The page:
Neuromuscular adaptations to concurrent strength and endurance training

John P. McCarthy, Myron A. Pozniak, James C. Agre

Research output: Contribution to journalArticle

132 Scopus citations

Abstract

Purpose: The purpose of this study was to examine muscle morphological and neural activation adaptations resulting from the interaction between concurrent strength and endurance training. Methods: Thirty sedentary healthy male subjects were randomly assigned to one of three training groups that performed 10 wk of 3-d·wk-1 high-intensity strength training (S), cycle endurance training (E), or concurrent strength and endurance training (CC). Strength, quadriceps-muscle biopsies, computed tomography scans at mid-thigh, and surface electromyogram (EMG) assessments were made before and after training. Results: S and CC groups demonstrated similar increases (P < 0.0001) in both thigh extensor (12 and 14%) and flexor/adductor (7 and 6%) muscle areas. Type II myofiber areas similarly increased (P < 0.002) in both S (24%) and CC (28%) groups, whereas the increase (P < 0.004) in Type I area with S training (19%) was also similar to the nonsignificant (P = 0.041) increase with CC training (13%). Significant increases (P < 0.005) in maximal isometric knee-extension torque were accompanied by nonsignificant (P ≤ 0.07) increases in root mean squared EMG amplitude of the quadriceps musculature for both S and C groups. No changes (P > 0.38) in the EMG/torque relation across 20 to 100% maximal voluntary contractions occurred in any group. A small 3% increase (P < 0.01) in thigh extensor area was the only change in any of the above variables with E training. Conclusions: Findings indicate 3-d·wk-1 concurrent performance of both strength and endurance training does not impair adaptations in strength, muscle hypertrophy, and neural activation induced by strength training alone. Results provide a physiological basis to support several performance studies that consistently indicate 3-d·wk-1 concurrent training does not impair strength development over the short term.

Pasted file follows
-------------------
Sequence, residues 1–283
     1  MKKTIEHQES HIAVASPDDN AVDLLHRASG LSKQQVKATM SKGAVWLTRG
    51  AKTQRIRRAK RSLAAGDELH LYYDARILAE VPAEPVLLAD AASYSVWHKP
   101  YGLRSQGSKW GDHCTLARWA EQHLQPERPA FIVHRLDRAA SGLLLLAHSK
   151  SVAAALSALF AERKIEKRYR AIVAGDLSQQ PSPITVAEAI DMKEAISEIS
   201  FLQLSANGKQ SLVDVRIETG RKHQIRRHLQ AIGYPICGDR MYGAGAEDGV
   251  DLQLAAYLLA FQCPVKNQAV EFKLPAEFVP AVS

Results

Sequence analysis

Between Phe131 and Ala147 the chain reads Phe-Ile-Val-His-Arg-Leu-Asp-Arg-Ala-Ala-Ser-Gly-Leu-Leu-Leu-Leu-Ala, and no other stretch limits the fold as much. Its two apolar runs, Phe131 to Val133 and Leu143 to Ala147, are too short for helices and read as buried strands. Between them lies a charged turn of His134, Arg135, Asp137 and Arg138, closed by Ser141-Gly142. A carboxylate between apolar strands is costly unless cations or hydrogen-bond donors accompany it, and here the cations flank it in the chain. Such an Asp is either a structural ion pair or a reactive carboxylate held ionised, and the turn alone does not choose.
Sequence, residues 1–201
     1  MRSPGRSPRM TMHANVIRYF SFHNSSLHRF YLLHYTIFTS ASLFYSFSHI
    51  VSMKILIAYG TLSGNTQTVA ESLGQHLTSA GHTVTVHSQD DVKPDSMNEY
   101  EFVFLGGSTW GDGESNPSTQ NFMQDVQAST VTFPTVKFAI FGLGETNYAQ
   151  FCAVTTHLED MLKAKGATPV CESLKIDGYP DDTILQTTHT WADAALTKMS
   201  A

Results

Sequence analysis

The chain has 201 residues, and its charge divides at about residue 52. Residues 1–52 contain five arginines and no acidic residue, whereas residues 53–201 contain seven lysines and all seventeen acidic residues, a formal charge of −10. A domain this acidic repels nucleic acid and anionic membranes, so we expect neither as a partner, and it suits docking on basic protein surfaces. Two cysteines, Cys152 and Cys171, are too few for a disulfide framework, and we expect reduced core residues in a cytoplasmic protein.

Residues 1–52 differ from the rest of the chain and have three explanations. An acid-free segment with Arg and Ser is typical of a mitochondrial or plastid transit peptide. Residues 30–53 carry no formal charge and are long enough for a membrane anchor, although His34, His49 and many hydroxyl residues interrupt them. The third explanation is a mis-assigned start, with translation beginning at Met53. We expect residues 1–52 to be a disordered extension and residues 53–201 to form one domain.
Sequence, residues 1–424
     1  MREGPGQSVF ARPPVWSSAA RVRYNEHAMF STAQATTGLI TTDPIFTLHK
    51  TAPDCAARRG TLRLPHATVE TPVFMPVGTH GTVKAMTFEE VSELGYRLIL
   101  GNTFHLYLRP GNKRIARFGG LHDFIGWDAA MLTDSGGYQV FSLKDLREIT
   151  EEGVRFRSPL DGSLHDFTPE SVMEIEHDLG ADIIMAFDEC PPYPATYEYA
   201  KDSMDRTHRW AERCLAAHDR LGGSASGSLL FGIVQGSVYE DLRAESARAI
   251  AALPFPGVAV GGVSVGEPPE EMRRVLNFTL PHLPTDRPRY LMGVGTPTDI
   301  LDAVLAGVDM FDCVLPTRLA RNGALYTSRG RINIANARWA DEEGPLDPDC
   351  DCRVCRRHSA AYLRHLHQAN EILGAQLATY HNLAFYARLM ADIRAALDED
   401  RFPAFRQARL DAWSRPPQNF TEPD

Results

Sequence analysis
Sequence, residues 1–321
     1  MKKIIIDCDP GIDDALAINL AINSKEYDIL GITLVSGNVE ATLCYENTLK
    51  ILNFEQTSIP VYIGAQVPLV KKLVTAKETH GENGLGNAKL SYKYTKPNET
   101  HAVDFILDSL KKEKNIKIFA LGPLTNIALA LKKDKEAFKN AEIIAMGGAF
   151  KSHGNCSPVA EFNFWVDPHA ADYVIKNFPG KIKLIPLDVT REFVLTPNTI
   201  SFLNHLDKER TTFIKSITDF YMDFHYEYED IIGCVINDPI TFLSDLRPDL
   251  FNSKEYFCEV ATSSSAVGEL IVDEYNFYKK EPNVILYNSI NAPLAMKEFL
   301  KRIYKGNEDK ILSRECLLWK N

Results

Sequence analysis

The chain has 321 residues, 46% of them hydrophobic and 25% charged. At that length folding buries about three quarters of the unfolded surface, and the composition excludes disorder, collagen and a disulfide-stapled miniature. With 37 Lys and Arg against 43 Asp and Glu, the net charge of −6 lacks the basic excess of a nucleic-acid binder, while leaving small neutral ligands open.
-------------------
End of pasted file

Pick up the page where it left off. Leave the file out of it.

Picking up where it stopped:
Original languageEnglish (US)
Pages (from-to)511-519
Number of pages9
JournalMedicine and science in sports and exercise
Volume34
Issue number3
DOIs
StatePublished - Jan 1 2002

Keywords

  • CT scan
  • EMG
  • Hypertrophy
  • Muscle fibers
  • Resistance exercise

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